Acts 17:26

ESV And he made from one man every nation of mankind to live on all the face of the earth, having determined allotted periods and the boundaries of their dwelling place,
NIV From one man he made all the nations, that they should inhabit the whole earth; and he marked out their appointed times in history and the boundaries of their lands.
NASB and He made from one man every nation of mankind to live on all the face of the earth, having determined their appointed times and the boundaries of their habitation,
CSB From one man he has made every nationality to live over the whole earth and has determined their appointed times and the boundaries of where they live.
NLT From one man he created all the nations throughout the whole earth. He decided beforehand when they should rise and fall, and he determined their boundaries.
KJV And hath made of one blood all nations of men for to dwell on all the face of the earth, and hath determined the times before appointed, and the bounds of their habitation;

What does Acts 17:26 mean?

Paul knows that when sharing the gospel, it's helpful to start from a common point of view. In Athens, surrounded by temples, monuments, altars, and idols, Paul finds an altar dedicated to "the unknown god." He uses this "god" as an illustration of the God who created the world and everything and everyone in it. This God is so great, He cannot be contained by human-made structures like temples. He is our Creator, and we can do nothing for Him. He even orchestrated our lifetimes and places—individually and as people-groups—with the purpose of inviting us to look for Him (Acts 17:22–25).

Even the Greek poets believe He created us and gives us life—how could His creation think He could be represented by an idol? To think so is ignorance that God fortunately overlooked. Now, however, is time to face the truth. It is wrong that we try to confine God in buildings and idols, and He will judge us for it. In fact, He has already identified His judge by raising Him from the dead (Acts 17:29–31).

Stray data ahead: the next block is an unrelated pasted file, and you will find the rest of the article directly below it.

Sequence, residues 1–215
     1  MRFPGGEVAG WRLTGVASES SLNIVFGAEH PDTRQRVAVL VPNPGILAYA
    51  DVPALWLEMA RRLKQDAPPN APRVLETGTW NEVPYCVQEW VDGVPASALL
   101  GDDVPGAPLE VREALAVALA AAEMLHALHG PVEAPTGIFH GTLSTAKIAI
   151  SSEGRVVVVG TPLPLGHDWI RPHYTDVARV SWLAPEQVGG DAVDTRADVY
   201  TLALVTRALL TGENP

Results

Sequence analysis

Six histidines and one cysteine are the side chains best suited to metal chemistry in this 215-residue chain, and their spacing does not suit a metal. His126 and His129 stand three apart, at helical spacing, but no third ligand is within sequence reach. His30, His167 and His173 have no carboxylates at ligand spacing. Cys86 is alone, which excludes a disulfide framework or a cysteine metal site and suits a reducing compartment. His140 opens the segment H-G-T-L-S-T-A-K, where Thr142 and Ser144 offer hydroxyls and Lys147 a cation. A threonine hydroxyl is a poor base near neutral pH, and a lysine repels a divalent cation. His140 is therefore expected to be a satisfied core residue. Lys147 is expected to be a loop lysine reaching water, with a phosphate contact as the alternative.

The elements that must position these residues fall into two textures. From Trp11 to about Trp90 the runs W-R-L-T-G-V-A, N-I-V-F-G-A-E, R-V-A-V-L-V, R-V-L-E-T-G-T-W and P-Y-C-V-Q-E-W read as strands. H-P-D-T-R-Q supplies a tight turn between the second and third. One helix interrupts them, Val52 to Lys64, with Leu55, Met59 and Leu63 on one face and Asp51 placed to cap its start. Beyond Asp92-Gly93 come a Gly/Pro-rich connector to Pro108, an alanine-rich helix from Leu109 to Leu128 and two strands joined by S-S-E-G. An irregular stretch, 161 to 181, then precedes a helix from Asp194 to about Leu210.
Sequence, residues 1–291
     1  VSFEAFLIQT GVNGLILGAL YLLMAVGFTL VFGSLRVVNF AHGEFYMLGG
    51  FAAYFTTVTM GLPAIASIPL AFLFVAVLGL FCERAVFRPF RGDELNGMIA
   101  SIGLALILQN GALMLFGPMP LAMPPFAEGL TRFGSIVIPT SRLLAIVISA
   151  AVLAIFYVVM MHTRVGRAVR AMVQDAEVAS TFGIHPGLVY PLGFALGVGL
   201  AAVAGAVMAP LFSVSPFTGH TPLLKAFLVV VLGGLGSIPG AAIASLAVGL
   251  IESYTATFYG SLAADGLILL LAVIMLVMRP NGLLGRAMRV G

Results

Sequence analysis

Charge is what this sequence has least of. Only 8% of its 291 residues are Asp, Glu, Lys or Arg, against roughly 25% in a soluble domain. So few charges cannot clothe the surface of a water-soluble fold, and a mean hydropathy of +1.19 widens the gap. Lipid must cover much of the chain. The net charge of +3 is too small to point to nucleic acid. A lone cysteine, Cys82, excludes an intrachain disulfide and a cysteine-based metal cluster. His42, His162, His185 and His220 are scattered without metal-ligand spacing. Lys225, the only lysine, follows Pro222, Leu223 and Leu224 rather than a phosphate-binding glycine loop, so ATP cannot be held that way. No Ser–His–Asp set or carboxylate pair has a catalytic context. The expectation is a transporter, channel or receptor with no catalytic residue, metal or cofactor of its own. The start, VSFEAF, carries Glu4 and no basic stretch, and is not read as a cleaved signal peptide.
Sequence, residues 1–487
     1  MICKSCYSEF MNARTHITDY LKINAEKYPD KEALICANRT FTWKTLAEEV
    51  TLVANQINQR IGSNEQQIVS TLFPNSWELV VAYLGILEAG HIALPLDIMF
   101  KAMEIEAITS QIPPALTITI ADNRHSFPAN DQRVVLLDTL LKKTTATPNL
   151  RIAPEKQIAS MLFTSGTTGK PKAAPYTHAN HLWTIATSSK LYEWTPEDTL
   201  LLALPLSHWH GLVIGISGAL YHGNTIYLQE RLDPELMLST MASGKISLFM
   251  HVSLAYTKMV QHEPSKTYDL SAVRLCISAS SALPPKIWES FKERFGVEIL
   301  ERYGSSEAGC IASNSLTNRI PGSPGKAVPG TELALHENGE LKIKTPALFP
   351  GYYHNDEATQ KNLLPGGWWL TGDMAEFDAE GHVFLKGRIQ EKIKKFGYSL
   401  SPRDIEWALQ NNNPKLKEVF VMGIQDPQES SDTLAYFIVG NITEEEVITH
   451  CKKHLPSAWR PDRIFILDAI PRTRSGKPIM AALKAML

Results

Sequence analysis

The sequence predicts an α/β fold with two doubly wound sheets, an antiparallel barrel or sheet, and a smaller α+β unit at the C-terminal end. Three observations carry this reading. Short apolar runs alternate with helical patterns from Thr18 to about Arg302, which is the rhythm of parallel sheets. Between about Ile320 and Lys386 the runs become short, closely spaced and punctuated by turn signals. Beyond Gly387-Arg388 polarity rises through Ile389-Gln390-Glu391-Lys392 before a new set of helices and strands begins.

Paul's strategy is good, but he must know it will largely fail. The message of the gospel includes aspects which run absolutely contrary to the worldviews of his audience: Stoic and Epicurean philosophers. Epicureans were materialistic, in that they didn't believe in the supernatural such as souls. If there is no soul, there cannot be resurrection from the dead. And if there is no resurrection, there is no purpose for judgment. Stoics believed souls enter the logos and become one with the law of the cosmos. A handful in Paul's audience believe his message, some express interest in hearing more, but it seems that the majority are more convinced more than ever that Paul is a "babbler" (Acts 17:18, 32–34).

Although the purpose of Paul's comment is not to argue the validity of God's creation of Adam and Eve as described in Genesis 1—2, there's no reason to think Paul doesn't affirm a literal reading of the creation story. Athenians believed the first Athenians had popped up out of the soil like Athena from Zeus's head. They believed they were the first to come to Greece, so they had no collective memory of the journey, but that they remember everyone else coming. "Periods" is from the Greek root word kairos. It means a set amount of time during which a defined qualification is fulfilled. Not only does God authorize who will rule (Romans 13:1–7) and what the boundaries of a nation will be (Deuteronomy 32:8), He also determines how long a nation should last. He arranges the time and place for every nation "that they should seek God, and perhaps feel their way toward him and find him" (Acts 17:27).
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